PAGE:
All posts by Margaret

Literary Marketing Workshop for Authors!

Guess what, Aspiring Authors?

wear all the hats graphic

(Those who are on the newsletter list already heard, but here’s the general announcement:)

Cal and I are starting a series of workshops focused on the various roles an indie author has to fill in today’s publishing world.

First up is the big bear we all love to hate: Marketing

Wear All The Hats: Literary Marketing Workshop

We both have years of experience reading blogs, talking to other authors, attending panels, and experimenting with our and others’ books. Trust us: nothing is guaranteed, but there are definitely ways to improve your chances of being discovered by the readers who will love your book.

We welcome unpublished, self-published, traditionally published; straight, cis, queer; black, white, multicultural; American, international; any religion and no religion; if you’ve got a story that needs to see the light of day, you are welcome!

bearing an untold story inside you maya angelou quote

We are charging $20 per workshop, payable to either of us, or the bookshop: Another Read Through ($25 at the door, so register this week!).

Sign up through ART, then let your friends know about this opportunity on the Facebook event page! Thanks for your help spreading the word. 🙂

Workshops to follow will touch on topics of Writing, Editing, Publishing, and Bookselling. Get in now, get some new ideas, and meet your fellow Portland-local authors!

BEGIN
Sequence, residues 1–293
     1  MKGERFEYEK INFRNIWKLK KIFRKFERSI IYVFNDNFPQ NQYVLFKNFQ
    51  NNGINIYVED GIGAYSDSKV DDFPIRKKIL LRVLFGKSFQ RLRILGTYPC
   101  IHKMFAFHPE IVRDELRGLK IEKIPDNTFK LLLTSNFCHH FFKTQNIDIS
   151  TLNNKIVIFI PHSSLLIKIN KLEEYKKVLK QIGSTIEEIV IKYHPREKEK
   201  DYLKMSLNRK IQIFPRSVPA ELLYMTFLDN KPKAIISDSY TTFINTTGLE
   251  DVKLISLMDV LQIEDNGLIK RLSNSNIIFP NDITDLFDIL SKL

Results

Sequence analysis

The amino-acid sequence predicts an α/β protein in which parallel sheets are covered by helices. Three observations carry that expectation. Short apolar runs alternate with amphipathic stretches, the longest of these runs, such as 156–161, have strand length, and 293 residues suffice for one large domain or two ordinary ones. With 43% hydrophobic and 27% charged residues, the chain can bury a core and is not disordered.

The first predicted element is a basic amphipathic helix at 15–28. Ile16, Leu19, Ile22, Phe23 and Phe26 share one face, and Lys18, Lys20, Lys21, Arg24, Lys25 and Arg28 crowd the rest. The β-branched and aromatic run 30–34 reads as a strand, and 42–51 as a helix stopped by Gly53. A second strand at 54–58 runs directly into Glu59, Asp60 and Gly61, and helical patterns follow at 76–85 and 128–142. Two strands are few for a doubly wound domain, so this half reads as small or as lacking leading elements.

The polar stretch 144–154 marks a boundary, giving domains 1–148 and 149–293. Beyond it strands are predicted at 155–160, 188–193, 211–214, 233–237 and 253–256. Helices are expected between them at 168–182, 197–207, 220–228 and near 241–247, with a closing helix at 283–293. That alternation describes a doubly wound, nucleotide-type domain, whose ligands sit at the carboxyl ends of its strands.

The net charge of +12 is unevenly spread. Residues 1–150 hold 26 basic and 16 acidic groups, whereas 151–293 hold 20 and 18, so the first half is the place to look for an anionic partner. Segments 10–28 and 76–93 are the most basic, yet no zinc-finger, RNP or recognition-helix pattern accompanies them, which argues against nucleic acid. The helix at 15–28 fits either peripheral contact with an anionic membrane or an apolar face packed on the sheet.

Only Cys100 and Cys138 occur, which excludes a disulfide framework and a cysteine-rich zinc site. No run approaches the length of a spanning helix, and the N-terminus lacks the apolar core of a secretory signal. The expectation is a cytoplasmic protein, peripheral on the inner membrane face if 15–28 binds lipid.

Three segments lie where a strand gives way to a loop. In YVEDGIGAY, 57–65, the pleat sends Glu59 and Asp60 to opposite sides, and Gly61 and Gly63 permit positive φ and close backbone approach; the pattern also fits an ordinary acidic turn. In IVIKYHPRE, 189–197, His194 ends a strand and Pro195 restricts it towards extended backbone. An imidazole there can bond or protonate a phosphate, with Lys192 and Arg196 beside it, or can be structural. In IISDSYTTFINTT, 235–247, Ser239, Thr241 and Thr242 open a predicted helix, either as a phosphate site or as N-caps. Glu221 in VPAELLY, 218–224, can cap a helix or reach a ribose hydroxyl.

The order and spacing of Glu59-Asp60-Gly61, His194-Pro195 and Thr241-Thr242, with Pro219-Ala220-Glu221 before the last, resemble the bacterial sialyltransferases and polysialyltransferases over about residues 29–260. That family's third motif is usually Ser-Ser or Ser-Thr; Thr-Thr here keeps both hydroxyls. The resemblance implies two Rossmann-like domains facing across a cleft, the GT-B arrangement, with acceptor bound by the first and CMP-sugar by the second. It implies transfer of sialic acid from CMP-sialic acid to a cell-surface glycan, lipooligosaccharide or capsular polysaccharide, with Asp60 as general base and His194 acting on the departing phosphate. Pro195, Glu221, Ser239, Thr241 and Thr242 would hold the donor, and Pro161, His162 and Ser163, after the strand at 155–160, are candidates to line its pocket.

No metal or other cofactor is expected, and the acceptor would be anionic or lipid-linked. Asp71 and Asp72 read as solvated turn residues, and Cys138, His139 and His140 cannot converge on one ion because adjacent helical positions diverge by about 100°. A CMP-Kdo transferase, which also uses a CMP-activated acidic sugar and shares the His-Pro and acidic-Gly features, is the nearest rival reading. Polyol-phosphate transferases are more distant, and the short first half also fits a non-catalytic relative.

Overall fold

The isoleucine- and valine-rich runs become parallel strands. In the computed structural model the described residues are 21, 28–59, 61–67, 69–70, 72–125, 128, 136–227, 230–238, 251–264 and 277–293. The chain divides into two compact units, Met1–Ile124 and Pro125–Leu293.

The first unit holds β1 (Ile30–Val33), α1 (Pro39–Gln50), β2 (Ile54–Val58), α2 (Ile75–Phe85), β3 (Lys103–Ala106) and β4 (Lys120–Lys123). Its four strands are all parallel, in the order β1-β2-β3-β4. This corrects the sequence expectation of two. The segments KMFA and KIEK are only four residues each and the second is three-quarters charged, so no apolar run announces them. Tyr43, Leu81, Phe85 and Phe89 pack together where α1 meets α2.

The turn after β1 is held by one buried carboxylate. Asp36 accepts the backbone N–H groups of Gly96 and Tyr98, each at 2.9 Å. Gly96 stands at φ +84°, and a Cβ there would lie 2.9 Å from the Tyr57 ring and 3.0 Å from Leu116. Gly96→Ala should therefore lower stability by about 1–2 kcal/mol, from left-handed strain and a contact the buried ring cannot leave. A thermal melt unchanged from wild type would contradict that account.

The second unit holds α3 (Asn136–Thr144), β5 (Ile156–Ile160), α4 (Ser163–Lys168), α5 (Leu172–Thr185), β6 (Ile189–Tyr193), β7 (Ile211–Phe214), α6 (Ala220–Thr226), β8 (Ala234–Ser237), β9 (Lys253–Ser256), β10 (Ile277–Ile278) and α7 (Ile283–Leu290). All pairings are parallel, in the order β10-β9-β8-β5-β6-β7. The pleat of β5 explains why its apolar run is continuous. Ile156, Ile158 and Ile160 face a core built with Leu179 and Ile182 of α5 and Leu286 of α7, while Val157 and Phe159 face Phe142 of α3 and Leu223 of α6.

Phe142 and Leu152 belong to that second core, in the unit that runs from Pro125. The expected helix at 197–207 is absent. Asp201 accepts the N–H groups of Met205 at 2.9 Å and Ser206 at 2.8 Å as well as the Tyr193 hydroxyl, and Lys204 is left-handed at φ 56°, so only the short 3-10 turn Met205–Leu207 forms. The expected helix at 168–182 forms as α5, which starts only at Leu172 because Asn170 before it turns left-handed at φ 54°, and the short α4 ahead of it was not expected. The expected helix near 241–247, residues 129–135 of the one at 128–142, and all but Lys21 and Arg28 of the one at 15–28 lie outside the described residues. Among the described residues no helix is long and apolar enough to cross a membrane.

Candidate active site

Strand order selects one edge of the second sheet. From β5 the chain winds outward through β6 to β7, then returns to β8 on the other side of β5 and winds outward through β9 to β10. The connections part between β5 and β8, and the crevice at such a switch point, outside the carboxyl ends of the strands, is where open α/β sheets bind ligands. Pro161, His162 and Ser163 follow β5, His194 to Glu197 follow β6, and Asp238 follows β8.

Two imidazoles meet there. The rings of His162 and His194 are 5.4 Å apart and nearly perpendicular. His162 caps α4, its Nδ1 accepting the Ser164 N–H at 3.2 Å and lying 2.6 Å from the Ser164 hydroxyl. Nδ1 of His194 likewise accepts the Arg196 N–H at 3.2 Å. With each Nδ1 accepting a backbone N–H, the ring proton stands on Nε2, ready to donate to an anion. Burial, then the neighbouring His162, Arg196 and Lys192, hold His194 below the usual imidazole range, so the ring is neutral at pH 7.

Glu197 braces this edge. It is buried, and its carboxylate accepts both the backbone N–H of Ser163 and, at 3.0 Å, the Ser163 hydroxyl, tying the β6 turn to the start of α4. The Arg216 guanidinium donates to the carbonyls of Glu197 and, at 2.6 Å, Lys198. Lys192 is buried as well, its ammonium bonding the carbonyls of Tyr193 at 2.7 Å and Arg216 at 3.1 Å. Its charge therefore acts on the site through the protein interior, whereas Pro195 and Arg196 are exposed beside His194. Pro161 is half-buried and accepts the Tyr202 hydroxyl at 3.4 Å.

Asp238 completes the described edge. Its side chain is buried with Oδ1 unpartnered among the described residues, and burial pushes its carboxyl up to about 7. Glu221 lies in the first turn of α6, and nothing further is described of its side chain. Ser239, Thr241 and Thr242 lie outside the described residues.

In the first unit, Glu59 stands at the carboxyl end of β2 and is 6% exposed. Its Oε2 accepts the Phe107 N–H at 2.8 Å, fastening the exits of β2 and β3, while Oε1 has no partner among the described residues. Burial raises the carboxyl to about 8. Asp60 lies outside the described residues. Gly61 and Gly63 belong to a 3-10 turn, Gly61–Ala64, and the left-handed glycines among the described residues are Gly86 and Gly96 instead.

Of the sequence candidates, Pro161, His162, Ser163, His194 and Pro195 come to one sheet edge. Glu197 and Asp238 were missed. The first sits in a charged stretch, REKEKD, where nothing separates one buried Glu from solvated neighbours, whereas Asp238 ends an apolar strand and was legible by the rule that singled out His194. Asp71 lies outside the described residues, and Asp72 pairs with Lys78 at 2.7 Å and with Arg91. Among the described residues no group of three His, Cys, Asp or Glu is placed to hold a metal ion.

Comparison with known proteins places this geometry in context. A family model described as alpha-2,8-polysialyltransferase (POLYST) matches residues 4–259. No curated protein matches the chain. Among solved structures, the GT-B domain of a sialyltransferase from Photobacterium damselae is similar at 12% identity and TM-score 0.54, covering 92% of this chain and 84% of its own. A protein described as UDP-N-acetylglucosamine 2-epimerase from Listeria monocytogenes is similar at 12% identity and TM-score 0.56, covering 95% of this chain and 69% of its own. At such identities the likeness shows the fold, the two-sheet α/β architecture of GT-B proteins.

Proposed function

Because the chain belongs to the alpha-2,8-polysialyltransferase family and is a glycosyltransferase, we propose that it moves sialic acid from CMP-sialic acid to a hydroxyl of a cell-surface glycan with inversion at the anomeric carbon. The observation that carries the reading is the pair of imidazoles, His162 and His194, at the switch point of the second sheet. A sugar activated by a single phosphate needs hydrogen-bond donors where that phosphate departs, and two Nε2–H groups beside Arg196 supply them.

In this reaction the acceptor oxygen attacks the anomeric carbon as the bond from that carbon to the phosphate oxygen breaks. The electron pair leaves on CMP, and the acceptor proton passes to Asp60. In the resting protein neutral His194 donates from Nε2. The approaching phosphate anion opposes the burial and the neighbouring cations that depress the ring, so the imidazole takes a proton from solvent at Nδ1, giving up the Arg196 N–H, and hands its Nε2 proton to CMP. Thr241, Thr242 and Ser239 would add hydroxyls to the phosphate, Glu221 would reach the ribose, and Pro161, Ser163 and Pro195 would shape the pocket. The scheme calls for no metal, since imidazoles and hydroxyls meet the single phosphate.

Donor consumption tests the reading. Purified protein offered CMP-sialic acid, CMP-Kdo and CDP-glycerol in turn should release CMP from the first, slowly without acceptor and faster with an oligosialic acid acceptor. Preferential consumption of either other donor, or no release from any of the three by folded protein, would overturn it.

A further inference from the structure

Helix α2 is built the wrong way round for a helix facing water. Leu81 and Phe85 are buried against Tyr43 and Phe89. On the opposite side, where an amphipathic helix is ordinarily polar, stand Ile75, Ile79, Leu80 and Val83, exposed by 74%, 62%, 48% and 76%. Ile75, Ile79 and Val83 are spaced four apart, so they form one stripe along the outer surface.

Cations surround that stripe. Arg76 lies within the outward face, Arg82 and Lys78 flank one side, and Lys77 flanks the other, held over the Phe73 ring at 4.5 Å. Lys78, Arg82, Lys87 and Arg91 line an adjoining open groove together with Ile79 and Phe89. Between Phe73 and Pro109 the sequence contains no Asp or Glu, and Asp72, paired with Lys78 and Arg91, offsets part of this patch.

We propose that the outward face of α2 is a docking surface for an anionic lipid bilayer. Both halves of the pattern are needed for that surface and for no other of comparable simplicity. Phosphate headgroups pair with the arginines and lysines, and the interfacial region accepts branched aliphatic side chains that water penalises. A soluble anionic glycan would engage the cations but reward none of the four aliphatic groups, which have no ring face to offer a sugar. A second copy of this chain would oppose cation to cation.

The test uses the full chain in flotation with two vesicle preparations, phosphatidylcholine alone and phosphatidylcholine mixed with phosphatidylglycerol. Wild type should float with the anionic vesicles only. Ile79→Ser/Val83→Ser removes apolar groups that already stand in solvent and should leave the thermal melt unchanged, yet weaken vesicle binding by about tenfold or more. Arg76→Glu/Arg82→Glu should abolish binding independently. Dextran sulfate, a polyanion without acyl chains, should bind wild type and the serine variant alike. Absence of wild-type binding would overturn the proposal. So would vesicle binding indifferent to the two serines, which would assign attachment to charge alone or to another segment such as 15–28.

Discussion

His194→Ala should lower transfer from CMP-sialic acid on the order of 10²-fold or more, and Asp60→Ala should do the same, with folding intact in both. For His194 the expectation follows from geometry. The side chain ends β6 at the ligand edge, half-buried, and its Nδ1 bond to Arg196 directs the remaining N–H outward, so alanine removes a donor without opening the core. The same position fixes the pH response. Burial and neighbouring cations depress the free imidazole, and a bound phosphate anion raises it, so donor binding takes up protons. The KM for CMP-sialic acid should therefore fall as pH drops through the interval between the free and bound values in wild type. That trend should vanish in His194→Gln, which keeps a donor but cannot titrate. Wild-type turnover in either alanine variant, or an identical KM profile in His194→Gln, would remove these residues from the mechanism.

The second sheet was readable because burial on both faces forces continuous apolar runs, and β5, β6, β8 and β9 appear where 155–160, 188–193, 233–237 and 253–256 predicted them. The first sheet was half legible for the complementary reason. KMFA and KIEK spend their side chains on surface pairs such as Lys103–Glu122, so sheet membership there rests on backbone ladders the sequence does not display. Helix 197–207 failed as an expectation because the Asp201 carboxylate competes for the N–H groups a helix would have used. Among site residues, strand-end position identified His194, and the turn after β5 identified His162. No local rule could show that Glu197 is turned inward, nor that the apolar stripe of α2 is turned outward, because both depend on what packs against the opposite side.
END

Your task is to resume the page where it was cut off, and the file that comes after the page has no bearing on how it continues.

Images via Facebook & Surveymonkey

Time to Celebrate the Ploughman Poet

January 25 is Burns Day.

Robert Burns

What’s that, you ask?

It is the birthday of Robert Burns, widely considered to be Scotland’s national poet. He lived from 1759 to 1796, leading a short life full of struggle, defiance, humility, lust, and heartbrokenness.

He wrote poems and songs, collected folk songs from across Scotland, satirized great figures of the day, wooed many a woman to his bed, and called for radical parliamentary reform when that movement was pushing forward in 1792-4.

robert burns highland mary painting

Burns developed this radical zeal starting with his poor childhood as a tenant farming family in Ayrshire. His poor health–a heart ailment and then a rheumatic condition–no doubt came from poor living conditions as his family struggled to survive.

His best-known poem around the world is Auld Lyne Syne, which no one understands, but everyone sings anyway, in a drunken haze on New Year’s Eve.

bagpiper auld lang syne

His next-most famous poem is To A Mouse, or in the lowland Scots dialect, Tae A Moose, because it is where Steinbeck took the phrase for his book, Of Mice And Men.

Two more famous folk songs trace their lineage back to Burns: Scots Wha Hae and A Man’s A Man. The first was a rabble-rousing call to national pride after a Scottish popular reform leader, Thomas Muir, was transported for sedition.

(You might substitute deported for transported to bring it up-to-date)

The second song was composed a couple years later, when he could see the persecution had succeeded, and the fight for reform had to go underground. Its words are stubbornly hopeful for a brotherhood of equality: